USA Politics First Look

House addresses sexual misconduct with mandatory staff training

The House is scheduled to vote on adopting mandatory anti-sexual harassment training for all members and their staff amid a wave of allegations of sexual misconduct against lawmakers. 

A flag flies on at the United States Capitol in Washington on Nov. 28, 2017. The House is scheduled to vote on adopting mandatory anti-sexual harassment training for all members and their staff.
Susan Walsh/AP
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  • Juliet Linderman
    Associated Press

Rocked by allegations of sexual misconduct, the House is moving ahead on legislation to require anti-sexual harassment training for all members and their staffs.

The vote comes amid a wave of accusations against lawmakers that has thrust the issue of gender hostility and discrimination on Capitol Hill squarely into the spotlight, and prompted calls for the embattled lawmakers to step down.

The measure would require lawmakers, their staffs, and interns "to complete a program of training in workplace rights and responsibilities each session of each Congress" that includes anti-discrimination and anti-harassment training.

The Senate unanimously adopted a similar measure earlier this month. That vote came as titans of media, entertainment, and sports faced swift punishment after allegations of inappropriate sexual behavior.

Since then, Rep. John Conyers (D) of Michigan, the longest serving member of the House, is under fire after a news website published a report detailing a settlement with a staffer who said Representative Conyers sexually harassed her, then fired her after she rebuffed his advances. A second former staffer has come forward with more claims of inappropriate behavior.

Conyers announced earlier this week that he's stepping down from his leadership position on the House Judiciary Committee. Two Democratic lawmakers, Rep. Kathleen Rice of New York and Rep. Pramila Jayapal of Washington state have called on Conyers to resign. The Ethics Committee has opened an investigation.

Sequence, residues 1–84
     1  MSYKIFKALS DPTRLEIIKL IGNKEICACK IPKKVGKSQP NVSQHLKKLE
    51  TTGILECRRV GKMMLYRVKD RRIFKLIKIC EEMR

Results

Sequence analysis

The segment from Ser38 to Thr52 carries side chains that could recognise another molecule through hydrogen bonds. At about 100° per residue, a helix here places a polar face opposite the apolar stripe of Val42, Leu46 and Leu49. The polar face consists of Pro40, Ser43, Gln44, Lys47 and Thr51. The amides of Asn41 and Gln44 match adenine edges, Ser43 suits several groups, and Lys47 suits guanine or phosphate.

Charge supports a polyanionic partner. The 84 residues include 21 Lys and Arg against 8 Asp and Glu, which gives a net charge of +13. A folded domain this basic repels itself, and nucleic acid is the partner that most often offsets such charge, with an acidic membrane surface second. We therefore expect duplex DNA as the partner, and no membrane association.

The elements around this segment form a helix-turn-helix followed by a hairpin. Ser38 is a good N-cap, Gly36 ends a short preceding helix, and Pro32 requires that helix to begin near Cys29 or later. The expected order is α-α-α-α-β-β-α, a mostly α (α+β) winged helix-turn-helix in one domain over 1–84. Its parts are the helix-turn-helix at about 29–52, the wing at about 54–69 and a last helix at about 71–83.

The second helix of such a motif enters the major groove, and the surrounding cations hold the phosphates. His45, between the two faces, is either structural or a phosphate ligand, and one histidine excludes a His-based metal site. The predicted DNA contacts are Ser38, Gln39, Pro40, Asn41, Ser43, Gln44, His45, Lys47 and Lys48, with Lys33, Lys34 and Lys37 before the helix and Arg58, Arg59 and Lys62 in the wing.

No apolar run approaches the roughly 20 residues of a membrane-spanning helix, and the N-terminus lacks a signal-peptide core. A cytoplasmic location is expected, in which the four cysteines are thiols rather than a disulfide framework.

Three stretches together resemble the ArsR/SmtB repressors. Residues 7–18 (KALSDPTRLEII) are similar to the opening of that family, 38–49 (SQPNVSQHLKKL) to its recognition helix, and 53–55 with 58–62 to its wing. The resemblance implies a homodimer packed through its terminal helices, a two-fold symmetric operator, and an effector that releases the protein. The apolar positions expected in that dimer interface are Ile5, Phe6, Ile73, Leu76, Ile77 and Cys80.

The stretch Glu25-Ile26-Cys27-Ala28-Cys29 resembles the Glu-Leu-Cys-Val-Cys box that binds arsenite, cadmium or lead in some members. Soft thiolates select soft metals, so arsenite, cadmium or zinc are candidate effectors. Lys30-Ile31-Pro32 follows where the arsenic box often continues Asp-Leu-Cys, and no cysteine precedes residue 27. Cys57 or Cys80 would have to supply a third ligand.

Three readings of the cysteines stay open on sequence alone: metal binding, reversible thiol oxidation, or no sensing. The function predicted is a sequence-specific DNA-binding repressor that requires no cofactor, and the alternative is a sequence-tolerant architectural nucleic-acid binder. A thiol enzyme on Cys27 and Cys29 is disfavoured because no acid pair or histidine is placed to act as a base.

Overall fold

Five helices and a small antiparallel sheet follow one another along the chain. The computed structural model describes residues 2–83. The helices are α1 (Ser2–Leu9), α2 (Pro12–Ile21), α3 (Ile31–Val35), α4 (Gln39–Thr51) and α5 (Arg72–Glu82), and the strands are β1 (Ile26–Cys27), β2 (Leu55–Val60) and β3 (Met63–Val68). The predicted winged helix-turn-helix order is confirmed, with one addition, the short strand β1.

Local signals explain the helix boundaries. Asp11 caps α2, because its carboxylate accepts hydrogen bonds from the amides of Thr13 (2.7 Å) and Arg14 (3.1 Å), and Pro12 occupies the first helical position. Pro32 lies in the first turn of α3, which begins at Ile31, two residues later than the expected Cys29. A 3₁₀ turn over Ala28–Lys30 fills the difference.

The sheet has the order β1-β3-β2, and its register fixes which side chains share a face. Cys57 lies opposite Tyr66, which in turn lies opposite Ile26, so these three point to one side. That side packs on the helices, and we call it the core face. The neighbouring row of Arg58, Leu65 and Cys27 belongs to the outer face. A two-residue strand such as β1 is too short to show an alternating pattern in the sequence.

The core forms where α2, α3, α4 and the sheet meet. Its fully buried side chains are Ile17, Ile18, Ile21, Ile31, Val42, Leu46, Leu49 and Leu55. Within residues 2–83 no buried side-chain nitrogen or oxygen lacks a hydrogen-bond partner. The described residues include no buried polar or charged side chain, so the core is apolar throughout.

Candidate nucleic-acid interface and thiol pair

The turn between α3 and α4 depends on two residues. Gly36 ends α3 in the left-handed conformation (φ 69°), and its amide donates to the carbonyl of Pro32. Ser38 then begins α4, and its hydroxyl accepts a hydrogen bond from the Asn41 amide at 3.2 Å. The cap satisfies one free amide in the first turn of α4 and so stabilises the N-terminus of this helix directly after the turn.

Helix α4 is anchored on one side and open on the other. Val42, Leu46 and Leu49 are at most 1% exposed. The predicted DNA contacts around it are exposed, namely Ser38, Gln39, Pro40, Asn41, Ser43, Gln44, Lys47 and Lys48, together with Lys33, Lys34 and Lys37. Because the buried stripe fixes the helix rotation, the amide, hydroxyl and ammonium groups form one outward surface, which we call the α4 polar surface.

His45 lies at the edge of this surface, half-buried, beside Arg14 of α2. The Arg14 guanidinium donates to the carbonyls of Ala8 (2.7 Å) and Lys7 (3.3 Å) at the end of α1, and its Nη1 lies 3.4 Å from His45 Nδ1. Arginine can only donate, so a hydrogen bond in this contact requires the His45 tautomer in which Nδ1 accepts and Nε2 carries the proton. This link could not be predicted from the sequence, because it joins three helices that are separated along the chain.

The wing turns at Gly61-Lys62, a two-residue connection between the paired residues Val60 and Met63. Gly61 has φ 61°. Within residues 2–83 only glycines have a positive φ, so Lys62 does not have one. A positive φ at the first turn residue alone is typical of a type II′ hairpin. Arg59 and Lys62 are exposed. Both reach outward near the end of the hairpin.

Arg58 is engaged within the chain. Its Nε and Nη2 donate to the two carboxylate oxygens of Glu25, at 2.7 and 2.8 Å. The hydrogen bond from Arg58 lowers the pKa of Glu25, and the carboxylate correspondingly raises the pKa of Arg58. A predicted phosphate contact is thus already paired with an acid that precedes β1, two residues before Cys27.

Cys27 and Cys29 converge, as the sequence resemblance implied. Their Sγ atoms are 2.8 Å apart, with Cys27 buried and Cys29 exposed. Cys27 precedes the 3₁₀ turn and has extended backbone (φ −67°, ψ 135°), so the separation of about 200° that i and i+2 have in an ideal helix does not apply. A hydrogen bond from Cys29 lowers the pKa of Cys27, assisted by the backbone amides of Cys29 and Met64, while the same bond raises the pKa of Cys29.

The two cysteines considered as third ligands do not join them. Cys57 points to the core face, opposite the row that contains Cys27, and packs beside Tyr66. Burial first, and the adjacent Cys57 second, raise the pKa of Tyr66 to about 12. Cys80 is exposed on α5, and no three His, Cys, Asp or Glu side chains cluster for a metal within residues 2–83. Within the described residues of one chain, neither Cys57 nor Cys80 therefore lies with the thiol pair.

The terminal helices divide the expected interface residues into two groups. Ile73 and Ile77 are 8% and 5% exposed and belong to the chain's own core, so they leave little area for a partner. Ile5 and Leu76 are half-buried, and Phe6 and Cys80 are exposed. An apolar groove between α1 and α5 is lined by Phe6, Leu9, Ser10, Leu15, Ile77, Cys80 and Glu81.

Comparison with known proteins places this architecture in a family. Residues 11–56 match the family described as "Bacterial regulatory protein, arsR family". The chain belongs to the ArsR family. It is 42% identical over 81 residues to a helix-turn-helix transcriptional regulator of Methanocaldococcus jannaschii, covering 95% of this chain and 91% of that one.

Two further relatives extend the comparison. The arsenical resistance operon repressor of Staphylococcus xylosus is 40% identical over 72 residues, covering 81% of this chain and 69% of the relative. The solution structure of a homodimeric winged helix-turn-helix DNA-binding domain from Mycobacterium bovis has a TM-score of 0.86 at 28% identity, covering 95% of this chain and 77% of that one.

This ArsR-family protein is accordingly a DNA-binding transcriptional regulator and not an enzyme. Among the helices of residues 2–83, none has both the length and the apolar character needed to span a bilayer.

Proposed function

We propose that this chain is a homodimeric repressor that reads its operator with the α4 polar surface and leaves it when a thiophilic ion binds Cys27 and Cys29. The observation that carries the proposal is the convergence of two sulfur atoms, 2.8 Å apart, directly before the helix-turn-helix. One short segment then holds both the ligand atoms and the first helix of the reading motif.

Meanwhile, Rep. Joe Barton (R) of Texas, recently apologized after a nude photo of him was leaked on social media.

Two weeks ago, a woman came forward to accuse Sen. Al Franken (D) of Minnesota of forcibly kissing her during a USO tour in the Middle East in 2006, before he was elected to public office.

Leeann Tweeden also released a photograph in which Senator Franken appears to be groping her breasts while she sleeps. Two other women have since accused Franken of fondling their buttocks while posing for photographs.

Franken has apologized and said he welcomes a Senate Ethics investigation.

Rep. Barbara Comstock (R) of Virginia, one of the resolution's sponsors, told a story at a House hearing earlier this month about a staffer who left Capitol Hill after a current member of Congress exposed himself to her. Representative Comstock said she does not know the identity of the lawmaker.

Rep. Jackie Speier (D) of California, another co-sponsor, revealed at the same hearing that two current members, one Democrat and one Republican, have also engaged in sexual harassment. Representative Speier declined to name the members, citing non-disclosure agreements as well as the wishes of the victims not to identify their harassers.

Next week, that committee will hold another hearing to review the Congressional Accountability Act, and propose reforms to the way in which harassment complaints are filed and handled on Capitol Hill.

The vote comes as Alabama GOP candidate Roy Moore faces allegations of preying on teenage girls decades ago. Senate Republicans, led by majority leader Mitch McConnell (R) of Kentucky, have called on Mr. Moore to step aside, saying they believe the women. President Trump has all but endorsed Moore, who denies the allegations.

This story was reported by The Associated Press.

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